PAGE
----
Hyphen

The Hyphen.


Merriam Webster defines a hyphen as, “a punctuation mark - used especially to divide or to compound words, word elements, or numbers; a punctuation mark used to divide or compound words; divide or compound words.”


This short little line - to divide or compound words has been the definition of my identity. It is the definition of my struggles to discover who I am, where I belong, and where I am meant to be.


I am Chinese-American, Chinese, hyphen, American.


I am Asian-American, Asian, hyphen, American.


That little line divides my identity, compounds my identity.


It divides my identity when I am called a banana at school


When I am not Asian enough for the Asians, but not white enough for the “Americans”


It divides my identity at family dinners


When I see my elders converse in Chinese, but see my cousins unable to use chopsticks.


It divides my identity when I travel


When I am asked, “How do I speak English so well?” like my face says I shouldn’t.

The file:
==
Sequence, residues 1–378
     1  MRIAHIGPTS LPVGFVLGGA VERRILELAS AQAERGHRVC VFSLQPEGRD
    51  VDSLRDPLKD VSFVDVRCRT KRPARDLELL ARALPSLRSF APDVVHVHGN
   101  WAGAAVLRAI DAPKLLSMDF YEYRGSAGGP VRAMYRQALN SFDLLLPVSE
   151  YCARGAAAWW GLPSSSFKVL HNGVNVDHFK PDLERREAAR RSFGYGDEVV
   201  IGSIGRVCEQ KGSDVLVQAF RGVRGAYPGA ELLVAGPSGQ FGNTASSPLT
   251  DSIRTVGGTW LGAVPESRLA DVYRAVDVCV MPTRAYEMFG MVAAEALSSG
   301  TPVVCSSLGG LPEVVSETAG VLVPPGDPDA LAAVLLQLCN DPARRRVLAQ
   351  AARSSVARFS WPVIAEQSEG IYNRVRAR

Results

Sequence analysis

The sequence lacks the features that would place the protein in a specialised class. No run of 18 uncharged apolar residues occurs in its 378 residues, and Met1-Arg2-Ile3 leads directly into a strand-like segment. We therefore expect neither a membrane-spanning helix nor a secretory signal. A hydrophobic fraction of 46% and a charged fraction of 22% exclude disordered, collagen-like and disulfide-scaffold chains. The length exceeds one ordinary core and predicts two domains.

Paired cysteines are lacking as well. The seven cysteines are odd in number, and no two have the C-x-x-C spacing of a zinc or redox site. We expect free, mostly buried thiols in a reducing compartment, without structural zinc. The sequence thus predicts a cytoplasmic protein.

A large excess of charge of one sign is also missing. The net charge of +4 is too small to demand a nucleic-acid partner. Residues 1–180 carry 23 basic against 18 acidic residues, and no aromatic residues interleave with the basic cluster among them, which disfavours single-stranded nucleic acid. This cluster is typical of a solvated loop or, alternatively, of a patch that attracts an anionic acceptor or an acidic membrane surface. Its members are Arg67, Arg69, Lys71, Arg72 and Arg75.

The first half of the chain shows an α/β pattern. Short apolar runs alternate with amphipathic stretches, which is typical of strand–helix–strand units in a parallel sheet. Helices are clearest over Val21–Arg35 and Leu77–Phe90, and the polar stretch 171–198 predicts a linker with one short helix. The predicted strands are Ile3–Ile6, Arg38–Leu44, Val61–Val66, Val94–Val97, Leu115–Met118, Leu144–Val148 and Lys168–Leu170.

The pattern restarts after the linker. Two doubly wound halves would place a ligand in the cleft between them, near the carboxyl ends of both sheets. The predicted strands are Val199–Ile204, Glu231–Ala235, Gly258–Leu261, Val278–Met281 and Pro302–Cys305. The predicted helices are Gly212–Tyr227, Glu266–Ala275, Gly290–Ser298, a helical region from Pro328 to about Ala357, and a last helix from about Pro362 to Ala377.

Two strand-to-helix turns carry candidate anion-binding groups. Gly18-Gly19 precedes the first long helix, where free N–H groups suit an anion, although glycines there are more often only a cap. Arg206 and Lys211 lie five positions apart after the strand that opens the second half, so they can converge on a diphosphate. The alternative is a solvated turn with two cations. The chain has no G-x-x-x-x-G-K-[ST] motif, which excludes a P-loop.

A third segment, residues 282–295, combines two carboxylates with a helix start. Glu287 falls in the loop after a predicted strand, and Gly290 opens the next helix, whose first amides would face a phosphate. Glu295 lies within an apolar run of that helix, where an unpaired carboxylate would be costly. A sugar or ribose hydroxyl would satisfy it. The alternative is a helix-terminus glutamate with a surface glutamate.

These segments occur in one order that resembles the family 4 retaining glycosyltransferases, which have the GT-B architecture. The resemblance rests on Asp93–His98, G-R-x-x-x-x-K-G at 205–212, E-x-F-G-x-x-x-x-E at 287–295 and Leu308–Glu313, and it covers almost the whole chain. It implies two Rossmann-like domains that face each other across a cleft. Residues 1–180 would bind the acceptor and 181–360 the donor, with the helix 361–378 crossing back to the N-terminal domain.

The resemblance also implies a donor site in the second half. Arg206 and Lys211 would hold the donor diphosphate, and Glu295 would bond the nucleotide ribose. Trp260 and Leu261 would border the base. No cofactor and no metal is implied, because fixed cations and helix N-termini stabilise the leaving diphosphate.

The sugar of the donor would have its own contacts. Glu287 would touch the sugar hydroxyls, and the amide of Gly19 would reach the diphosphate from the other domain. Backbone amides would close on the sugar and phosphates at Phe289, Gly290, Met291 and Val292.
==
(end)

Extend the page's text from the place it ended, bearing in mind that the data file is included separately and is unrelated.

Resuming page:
It makes me long for a place I never grew up or lived in, while I feel alienated in the place I was born.


I am Chinese-American, Chinese, hyphen, American.


I am Asian-American, Asian, hyphen, American.


That little line divides my identity; compounds my identity.


It compounds my identity when I visit Chinatown with my grandparents


When I can feel at home among the open-air stores and bakeries.


It compounds my identity when I go to school


And I can speak proudly of my heritage and history.


It compounds my identity when I speak and write


Reminding me how far my family has come to live in this country.


I am Chinese-American.


I am Asian-American.


The Hyphen holds together a history of two cultures, two societies, two identities.


Yet I am one person.


Like the Hyphen, I am a little line that holds two words of great meaning together.


I am the Hyphen. I am a connector, compounder, and divider.


Cover Photo Source: The Daily Trojan